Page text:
Since, for example, anti-breeding — and mandatory spay/neuter and other animal protection laws — do not affect any fundamental rights, they would be tested by this lesser standard.

Clearly, following this example, the number of unwanted cats and dogs causes significant social problems: senseless killing, health risks, wasted taxes, and more. Clearly, these problems raise important issues of public health, safety, welfare — and even morals. In other words, the “end” of mandatory spay/neuter and anti-breeding laws is entirely legitimate constitutionally.

Thus, the next (and last) question is one of “means”: Are anti-breeding and mandatory spay/neuter laws a reasonable way to deal with the problem? The “practical” answer is obvious: If there are too many unwanted cats and dogs, it’s certainly reasonable to prevent the breeding of any more in order to prevent the population from growing, allowing normal attrition to reduce the existing population.

The more basic answer is that the overpopulation problem is a moral outrage. Government has the constitutional power and the moral duty to solve it — to alleviate, if not eliminate, visiting the sins of irresponsible owners and breeders on innocent animals. When it comes to anti-breeding and mandatory spay/neuter laws, the end justifies the means –constitutionally and morally. The same can be said for most other proposed animal protection legislation. As the Supreme Judicial Court of Massachusetts opined in 1931, “[t]he natural, essential, and unalienable rights of men to acquire, possess and protect property are subject to reasonable regulation in the interest of public health, safety and morals.”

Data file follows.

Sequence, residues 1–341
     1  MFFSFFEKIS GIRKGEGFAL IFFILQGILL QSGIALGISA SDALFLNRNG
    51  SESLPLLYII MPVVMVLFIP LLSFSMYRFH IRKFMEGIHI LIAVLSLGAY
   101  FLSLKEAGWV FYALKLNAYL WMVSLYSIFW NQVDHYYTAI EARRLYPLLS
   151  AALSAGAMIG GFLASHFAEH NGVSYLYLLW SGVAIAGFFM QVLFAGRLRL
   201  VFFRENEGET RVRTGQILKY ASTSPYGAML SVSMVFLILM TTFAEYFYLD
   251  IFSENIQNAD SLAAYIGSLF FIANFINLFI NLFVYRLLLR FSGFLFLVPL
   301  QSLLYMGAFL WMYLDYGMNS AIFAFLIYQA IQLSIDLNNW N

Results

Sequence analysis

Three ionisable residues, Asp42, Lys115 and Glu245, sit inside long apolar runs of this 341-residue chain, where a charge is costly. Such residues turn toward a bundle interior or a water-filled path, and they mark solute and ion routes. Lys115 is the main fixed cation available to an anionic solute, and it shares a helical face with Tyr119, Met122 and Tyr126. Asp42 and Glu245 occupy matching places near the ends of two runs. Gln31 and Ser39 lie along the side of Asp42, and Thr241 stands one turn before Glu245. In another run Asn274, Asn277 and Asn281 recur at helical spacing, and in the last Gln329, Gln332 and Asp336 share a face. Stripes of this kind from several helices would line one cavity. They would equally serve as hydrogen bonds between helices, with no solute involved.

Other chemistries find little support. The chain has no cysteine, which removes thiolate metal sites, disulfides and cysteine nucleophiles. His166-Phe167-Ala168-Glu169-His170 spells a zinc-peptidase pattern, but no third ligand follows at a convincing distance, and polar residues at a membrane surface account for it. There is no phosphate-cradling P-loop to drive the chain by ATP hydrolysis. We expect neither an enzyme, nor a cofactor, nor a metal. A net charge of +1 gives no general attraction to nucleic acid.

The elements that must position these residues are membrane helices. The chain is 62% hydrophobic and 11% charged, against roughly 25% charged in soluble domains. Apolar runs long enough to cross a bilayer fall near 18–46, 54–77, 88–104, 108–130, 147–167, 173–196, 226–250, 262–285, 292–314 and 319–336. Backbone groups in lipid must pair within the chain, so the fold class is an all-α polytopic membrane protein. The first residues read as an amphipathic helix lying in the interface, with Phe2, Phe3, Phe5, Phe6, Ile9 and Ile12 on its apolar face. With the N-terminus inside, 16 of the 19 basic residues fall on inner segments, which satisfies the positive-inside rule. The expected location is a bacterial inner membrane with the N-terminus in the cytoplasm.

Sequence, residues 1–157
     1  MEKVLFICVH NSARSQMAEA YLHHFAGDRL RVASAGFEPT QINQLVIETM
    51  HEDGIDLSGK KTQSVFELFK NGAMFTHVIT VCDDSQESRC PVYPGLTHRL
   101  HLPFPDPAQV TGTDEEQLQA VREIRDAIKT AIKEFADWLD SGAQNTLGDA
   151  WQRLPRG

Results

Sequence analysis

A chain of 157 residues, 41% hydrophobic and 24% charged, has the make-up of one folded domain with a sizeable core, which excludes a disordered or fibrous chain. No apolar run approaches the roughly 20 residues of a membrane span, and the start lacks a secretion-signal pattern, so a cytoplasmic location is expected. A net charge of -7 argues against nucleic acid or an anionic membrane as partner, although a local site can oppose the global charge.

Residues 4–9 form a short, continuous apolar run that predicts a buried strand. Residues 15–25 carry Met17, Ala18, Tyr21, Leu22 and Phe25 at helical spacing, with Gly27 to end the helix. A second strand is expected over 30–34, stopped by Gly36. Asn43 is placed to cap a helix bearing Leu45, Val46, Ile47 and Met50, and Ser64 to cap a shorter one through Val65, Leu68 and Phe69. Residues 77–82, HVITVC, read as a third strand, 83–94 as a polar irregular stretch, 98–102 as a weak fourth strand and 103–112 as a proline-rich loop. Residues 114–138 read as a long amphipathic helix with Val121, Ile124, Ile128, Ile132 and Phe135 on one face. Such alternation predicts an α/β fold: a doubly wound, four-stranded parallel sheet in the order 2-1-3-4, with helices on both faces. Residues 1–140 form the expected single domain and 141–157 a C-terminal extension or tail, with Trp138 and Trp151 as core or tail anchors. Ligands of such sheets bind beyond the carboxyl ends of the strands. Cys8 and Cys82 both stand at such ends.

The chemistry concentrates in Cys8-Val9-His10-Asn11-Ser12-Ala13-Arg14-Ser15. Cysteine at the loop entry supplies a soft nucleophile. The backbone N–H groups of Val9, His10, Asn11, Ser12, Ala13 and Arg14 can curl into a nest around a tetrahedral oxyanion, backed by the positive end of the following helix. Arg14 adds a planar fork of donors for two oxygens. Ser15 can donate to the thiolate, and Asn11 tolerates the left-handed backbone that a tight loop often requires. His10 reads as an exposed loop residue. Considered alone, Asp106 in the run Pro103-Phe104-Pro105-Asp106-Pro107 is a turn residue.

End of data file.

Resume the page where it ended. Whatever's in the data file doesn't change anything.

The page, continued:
Indeed, a wide variety of statutes and ordinances affecting animals have been upheld against constitutional challenge. Some examples in the federal, state and other courts appear HERE.

Earlier this month, the United States Court of Appeals for the 6th Circuit affirmed a federal district court ruling that a recent Ohio statute limiting the private ownership of exotic animals easily passed constitutional muster.

Just as the State of Ohio was not intimidated by predictions that the proposed legislation would be ruled unconstitutional, no animal protection activists should fear unfavorable rulings — not if proposed animal protection bills are carefully drafted, and defended by competent constitutional lawyers.